Control Data Corporation (CDC) had a strong history of creating powerful mainframe computers, with an emphasis on the scientific computing customer base. One of the most famous computer architects to emerge from CDC was Seymour Cray. While he went on to form his own company, work continued at CDC in developing high-end mainframe computers (aka supercomputer) — led by another famous architect, Neil Lincoln. As Cray competed against CDC, it became apparent to top management that it needed to decrease the development time for the next generation computer — thus a new approach was considered for the follow-on to the CDC Cyber 205.
After being spun off from CDC in September, 1983, ETA had the goal of producing a supercomputer with a cycle time under 10ns. To accomplish this goal, several innovations were made by ETA. Among these are the use of liquid nitrogen for cooling the CMOS circuits of the computer.
The ETA10 successfully met the company's initial goals (10 GFLOPS), with some models achieving a cycle time of about 7ns, which was considered rapid by the standard of the mid-1980s. The planned 1987 follow-on was supposed to be designated CYBER-250 or ETA-30, as in 30 GFLOPS. ETA was eventually reincorporated back into CDC, and ETA ceased operations April 17, 1989.
The ETA10 series could run either ETA's EOS operating system, which was widely criticized for various problems, or a port by Lachman Associates, a software personnel firm, of UNIX System V (Release 3). While EOS suffered a reputation for poor quality, ETA's UNIX was better received by customers.
Use of the ETA10 was rather complicated, and required all programs be loaded via attached Apollo Computer workstations. The program would then run once, and to run again would require re-loading from the Apollo. The ETA10 itself had no graphical console or local network interface, and all visualization of resulting data was performed by separate workstations after being retrieved from the Apollos. Programming for the ETA10 series could be done in FORTRAN, C, or CDC Cyber 205 assembly language.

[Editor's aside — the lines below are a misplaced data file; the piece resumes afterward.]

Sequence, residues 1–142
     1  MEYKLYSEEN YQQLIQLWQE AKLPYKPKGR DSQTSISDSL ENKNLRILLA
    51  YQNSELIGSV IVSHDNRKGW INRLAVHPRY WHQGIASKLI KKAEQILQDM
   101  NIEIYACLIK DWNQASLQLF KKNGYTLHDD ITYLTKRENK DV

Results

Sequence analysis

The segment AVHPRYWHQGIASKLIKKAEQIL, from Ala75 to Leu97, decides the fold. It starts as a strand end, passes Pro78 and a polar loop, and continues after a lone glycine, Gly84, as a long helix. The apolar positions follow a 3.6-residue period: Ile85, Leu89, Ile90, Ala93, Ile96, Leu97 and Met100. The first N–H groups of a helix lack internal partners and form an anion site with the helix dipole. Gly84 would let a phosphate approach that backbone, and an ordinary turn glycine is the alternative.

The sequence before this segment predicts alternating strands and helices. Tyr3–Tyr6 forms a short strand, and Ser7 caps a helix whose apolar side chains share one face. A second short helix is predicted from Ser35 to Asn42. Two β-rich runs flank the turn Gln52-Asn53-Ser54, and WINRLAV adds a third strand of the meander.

It is a mistake to believe that ETA's demise was based solely on operating system choice or existence. The Fortran compiler (ftn200) had not changed from the CDC205. This compiler retained vendor-specific programming performance features (known as the Q8* subroutine calls) in an era when supercomputer users were realizing the necessity of source code portability between architectures. Additionally, the compiler optimizations were not keeping up existing technology as shown by the Japanese supercomputer vendors as well as the newer minisupercomputer makers and competition at Cray Research.
In general, computer hardware manufacturers prior and up to that period tended to be weak on software. Libraries and available commercial and non-commercial (soon to be called open-source) applications help an installed base of machine. CDC was relatively weak in this area - it is worth noting that some of the best operating systems that CDC provided to customers was a productized version of an OS written by Lawrence Livermore Laboratories.
The ETA10F and ETA10-G (7 ns clock cycle) were the highest-performing members of the ETA10 line, and used liquid nitrogen cooling to achieve rapid cycle times.
Less-costly air-cooled versions were later offered, such as the two-processor ETA10-Q (19 ns clock cycle), and the ETA10-P, which was also called "Piper".
Any of the ETA10 models could be built in either single- or multi-processor configurations.
Between the highest-performing, liquid-nitrogen cooled models (ETA10-E, G, etc.) and the cheaper, air-cooled models (ETA10-P, Q, etc.), the ETA10 line spanned a 27:1 performance range. Peak performance on the top-of-the-line models reached 10 GFLOPS.
The ETA10 line adopted novel approaches to physical construction, as well as innovative computer organization and lay-out processes:
The benefit of using CMOS lies partly in its rapid switching speeds, in the low tens of picoseconds; the ETA10 line put this to use with an approximately 100 MHz clock speed. Further, although slower than ECL at the time, CMOS circuitry could be laid out on a wafer more densely than permitted by ECL, thus ameliorating various off-chip and on-chip delays. These delays were managed through careful tuning of each PCB manufactured in conjunction with the logic technology - incorporating two key technologies that became known as JTAG and BIST. The IC's used for the ETA product were 20K Gate Arrays fabricated using 1.25 micrometre technology that were accessible from the VHSIC program at Honeywell - mainstream commercial technology was at the 3 to 5 micrometre technology at that timeframe.
The IC's were designed using a combination of internally developed tools (simulators and placement), while using some of the first commercial EDA tools from a vendor called Mentor Graphics for schematic capture. Prior to the use of schematic capture at ETA, the designers had used textual netlists to describe the interconnection of the logic circuits.
Noteworthy is that ETA had to invent methods for creation of 44 layer PCB's, as there were no external vendors supplying such advanced technology at that time.
It is of particular note that in order for this type of cooling to be effective, a closed loop system was required. ETA had to innovate to make this possible, since there were not any commercially available solutions in the market.
Before ETA Systems was reincorporated into CDC, a total of 25 systems were delivered. Among the recipients were: